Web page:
label="Git repository (slug or ID)",
  • Boolean filters for membership must be named with has_{related_name} (e.g. has_interfaces) and should use the RelatedMembershipBooleanFilter filter class.
    • One exception to this naming convention may be made for Boolean filters for identity, which may be named is_{name} instead (e.g. is_virtual_chassis_member versus has_virtual_chassis). Although this is semantically identical to has_ filters, there may be occasions where naming the filter is_ would be more intuitive.
from nautobot.core.filters import RelatedMembershipBooleanFilter

    has_interfaces = RelatedMembershipBooleanFilter(
        label="Has interfaces",

    is_virtual_chassis_member = RelatedMembershipBooleanFilter(
        label="Is a virtual chassis member",
  • Whenever possible otherwise, filter names must correspond exactly to the underlying model field they are referencing.

  • If there's necessarily a mismatch between the filter name and the model field name (such as in the has_* and is_* cases described above):

    1. The suffix component of the filter name must correspond exactly to the underlying model field name (for example, for a field of console_port_templates, the filter must be has_console_port_templates, not has_consoleporttemplates or has_console_ports).
    2. The filter itself must declare field_name to identify unambiguously the underlying model field.
  • Filters must be declared using the appropriate lookup expression (lookup_expr) if any other expression than exact (the default) is required.

  • Filters must be declared using exclude=True if a queryset .exclude() is required to be called vs. queryset .filter() which is the default when the filter default exclude=False is passed through. If you require Foo.objects.exclude(), you must pass exclude=True instead of defining a filterset method to explicitly hard-code such a query.

For example, for a boolean filter that checks to see whether the console_ports field is null if False and not null if True, you would need to combine all of the above rules, resulting in:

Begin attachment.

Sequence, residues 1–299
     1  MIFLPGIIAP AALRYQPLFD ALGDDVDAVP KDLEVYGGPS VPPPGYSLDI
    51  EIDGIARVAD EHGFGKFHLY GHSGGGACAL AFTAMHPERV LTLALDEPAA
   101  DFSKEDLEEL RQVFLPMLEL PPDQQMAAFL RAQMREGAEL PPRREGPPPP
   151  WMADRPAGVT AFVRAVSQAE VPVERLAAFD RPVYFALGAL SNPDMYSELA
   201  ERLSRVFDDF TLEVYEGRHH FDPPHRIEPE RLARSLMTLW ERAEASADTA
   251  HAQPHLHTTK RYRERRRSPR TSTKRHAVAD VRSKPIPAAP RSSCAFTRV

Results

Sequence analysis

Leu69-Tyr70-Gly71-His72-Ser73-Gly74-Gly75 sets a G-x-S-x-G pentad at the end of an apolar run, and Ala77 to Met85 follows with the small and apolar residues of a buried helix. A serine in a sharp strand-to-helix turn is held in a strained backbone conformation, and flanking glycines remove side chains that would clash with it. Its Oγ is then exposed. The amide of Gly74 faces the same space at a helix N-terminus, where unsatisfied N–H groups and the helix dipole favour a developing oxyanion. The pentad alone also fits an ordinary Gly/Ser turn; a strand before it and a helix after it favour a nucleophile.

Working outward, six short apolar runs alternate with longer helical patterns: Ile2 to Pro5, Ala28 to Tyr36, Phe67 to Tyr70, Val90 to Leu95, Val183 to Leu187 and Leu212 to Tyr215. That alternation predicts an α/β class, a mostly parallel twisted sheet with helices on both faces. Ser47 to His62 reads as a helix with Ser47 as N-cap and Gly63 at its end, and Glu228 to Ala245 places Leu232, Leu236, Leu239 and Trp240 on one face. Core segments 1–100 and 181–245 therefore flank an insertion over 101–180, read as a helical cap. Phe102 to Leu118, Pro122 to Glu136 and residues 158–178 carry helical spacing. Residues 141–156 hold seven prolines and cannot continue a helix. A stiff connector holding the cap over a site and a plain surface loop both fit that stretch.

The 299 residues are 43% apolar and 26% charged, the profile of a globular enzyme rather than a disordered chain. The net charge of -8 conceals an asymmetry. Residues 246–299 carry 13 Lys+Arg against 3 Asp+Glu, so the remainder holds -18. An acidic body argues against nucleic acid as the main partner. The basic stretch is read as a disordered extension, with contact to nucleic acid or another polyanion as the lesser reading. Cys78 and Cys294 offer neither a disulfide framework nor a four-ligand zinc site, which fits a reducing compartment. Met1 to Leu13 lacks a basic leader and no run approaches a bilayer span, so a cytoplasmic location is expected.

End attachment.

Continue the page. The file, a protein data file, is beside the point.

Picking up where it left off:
has_console_ports = BooleanFilter(field_name="console_ports", lookup_expr="isnull", exclude=True)


For boolean filters on related memberships (has_*/is_*), you should always use RelatedMembershipBooleanFilter, which is a BooleanFilter subclass that defaults to the correct lookup_expr and exclude values for this common case.

  • Filters must be declared using distinct=True if a queryset .distinct()is required to be called on the queryset.

  • Filters must not be set to be required using required=True

  • Filter methods defined using the method= keyword argument may only be used as a last resort (see below) when correct usage of field_name, lookup_expr, exclude, or other filter keyword arguments do not suffice. In other words: filter methods should used as the exception and not the rule.

  • Use of filter_overrides must be considered in cases where more-specific class-local overrides. The need may occasionally arise to change certain filter-level arguments used for filter generation, such such as changing a filter class, or customizing a UI widget. Any extra arguments are sent to the filter as keyword arguments at instance creation time. (Hint: extra must be a callable)

    For example:

class ProductFilter(NautobotFilterSet):

     class Meta:
         model = Interface
         fields = "__all__"
         filter_overrides = {
             # This would change the default to all CharFields to use lookup_expr="icontains". It
             # would also pass in the custom `choices` generated by the `generate_choices()`
             # function.
             models.CharField: {
                 "filter_class": filters.MultiValueCharFilter,
                 "extra": lambda f: {
                     "lookup_expr": "icontains",
                     "choices": generate_choices(),
             # This would make BooleanFields use a radio select widget vs. the default of checkbox
             models.BooleanField: {
                 "extra": lambda f: {
                     "widget": forms.RadioSelect,


Existing features of filtersets and filters must be exhausted first using keyword arguments before resorting to customizing, re-declaring/overloading, or defining filter methods.

Filter Methods

Filters on a filterset can reference a method (either a callable, or the name of a method on the filterset) to perform custom business logic for that filter field. However, many uses of filter methods in Nautobot are problematic because they break the ability for such filter fields to be properly reversible.